3. Is it easy enough to comply with the rules? The OTS stress that obligations should be clear, and that administrative costs and burdens should be minimised to ensure engagement and compliance.
  4. Can taxpayers be better supported? This can be done by further minimising administrative costs and burdens and by making guidance and advice accessible.

The OTS then go on to provide six key lenses (which correspond with the above four questions) simplification should be viewed through:

  1. Communication, education and guidance: guidance should be accessible, and the taxpayer should “readily understand what to do, how to do it, and to know that is has been done right”.
  2. Compliance and administration: it should, as above, be simple enough for the taxpayer to understand what they need to do to comply with legislation.
  3. Agents and intermediaries: should be used effectively.
  4. Policy making and legislation: policy should be simple to understand, make sense, and should fit with other provisions.
  5. Mechanisms and choices: should meet the governments objectives, interact with each other in a way that makes application simple, and gain insights (where possible) from international equivalents.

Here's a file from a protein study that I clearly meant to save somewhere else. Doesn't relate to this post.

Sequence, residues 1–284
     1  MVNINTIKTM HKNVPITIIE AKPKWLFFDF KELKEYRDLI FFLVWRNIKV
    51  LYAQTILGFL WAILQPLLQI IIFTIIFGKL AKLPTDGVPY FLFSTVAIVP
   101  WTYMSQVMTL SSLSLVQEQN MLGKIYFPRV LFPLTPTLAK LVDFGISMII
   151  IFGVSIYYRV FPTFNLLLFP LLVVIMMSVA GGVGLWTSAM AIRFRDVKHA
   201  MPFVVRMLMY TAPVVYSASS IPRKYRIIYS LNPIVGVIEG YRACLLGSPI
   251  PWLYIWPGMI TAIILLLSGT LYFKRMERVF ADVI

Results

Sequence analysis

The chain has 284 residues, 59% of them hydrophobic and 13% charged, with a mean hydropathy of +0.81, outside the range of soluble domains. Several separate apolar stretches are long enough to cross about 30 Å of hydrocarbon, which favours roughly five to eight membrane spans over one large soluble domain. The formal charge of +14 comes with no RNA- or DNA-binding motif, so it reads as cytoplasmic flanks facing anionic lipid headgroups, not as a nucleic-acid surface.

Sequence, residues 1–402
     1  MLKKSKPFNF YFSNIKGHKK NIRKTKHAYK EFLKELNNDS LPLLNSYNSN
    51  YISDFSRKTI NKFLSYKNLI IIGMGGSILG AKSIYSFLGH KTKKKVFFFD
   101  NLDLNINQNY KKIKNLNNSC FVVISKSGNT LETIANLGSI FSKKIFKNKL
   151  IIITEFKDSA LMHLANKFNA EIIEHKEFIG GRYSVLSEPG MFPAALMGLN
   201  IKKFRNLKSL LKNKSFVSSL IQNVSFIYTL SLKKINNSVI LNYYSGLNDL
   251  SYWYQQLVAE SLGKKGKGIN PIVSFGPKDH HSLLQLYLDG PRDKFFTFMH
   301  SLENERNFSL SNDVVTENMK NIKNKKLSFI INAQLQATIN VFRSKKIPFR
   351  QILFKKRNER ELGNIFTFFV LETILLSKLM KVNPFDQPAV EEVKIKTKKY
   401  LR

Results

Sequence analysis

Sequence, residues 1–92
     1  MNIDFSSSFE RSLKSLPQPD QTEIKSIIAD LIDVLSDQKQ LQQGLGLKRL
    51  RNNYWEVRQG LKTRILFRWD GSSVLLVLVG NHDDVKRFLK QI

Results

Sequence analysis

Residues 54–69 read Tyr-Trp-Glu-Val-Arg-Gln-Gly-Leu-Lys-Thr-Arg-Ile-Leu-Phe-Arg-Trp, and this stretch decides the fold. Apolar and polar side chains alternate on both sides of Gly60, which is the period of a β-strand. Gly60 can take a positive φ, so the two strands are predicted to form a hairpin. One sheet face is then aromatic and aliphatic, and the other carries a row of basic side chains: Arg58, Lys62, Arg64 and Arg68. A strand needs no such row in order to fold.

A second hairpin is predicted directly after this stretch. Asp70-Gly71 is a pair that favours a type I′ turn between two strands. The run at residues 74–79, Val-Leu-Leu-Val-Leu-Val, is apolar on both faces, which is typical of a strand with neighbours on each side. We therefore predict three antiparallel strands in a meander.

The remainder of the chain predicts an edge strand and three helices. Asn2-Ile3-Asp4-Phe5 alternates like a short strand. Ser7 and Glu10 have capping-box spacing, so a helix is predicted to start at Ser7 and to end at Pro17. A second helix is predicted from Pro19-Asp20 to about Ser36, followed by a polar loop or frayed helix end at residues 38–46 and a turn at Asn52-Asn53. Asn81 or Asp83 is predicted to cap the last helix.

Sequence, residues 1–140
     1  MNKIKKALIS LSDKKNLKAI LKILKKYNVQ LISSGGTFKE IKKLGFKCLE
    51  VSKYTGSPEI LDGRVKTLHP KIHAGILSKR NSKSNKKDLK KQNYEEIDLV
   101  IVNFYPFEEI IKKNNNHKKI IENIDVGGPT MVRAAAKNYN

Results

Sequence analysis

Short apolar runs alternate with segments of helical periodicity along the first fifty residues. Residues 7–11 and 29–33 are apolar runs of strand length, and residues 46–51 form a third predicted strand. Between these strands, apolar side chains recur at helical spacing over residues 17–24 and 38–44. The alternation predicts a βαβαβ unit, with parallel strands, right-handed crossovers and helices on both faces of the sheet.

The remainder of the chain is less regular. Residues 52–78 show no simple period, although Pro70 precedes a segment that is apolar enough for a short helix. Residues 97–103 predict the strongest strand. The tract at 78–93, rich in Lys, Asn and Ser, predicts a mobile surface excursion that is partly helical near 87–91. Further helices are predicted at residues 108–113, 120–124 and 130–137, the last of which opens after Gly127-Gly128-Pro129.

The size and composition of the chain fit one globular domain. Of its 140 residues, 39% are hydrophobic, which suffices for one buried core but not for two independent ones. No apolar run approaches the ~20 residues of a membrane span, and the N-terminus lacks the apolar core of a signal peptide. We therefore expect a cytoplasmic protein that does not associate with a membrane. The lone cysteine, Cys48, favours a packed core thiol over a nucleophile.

6. Use of technology: tax interfaces should be helpful, use and collect information appropriately, and be constantly improving.

A crucial thread running through these questions and lenses is that rules should make sense to the taxpayer. The OTS visit this in their Annual Report when discussing possible alterations to the Tax Year End. They suggest a number of benefits for moving the Tax Year End to March 31st, including that it would make sense to numerous taxpayers as most financial reporting in the UK runs to this date and it would help those filing for Self-Assessment better understand the process.

Another essential thread is that of clarity, mainly that the intentions of the government are clear. The OTS also touch on this when discussing their review of Capital Gains Tax in their Annual Report, noting that the Chancellor commissioned the OTS to identify “areas where the present rules can distort behaviour or do not meet their policy intent”. Tax simplification can thus not be carried out without ensuring that the wording of legislation accurately reflects the intention of the government.

That being said, the OTS go further in noting that the intentions of the government when creating tax policy (e.g., to incentivise new business growth) have wide reaching consequences. They advise the policy design process include ‘what if’ scenarios to ensure that as many consequences are identified so that good intentions are met with good outcomes.

This concept of ‘good outcomes’, is the OTS’ main objective. Though the phrase can be defined in various ways, the OTS define it in their remit as helping to “make a difference to the largest number [of] taxpayers or businesses”. Their ambitions to simplify tax have already been a catalyst for meaningful debate and will hopefully see legislation improve for the benefit of as many as possible in the future.

The full reports from the OTS are available to download: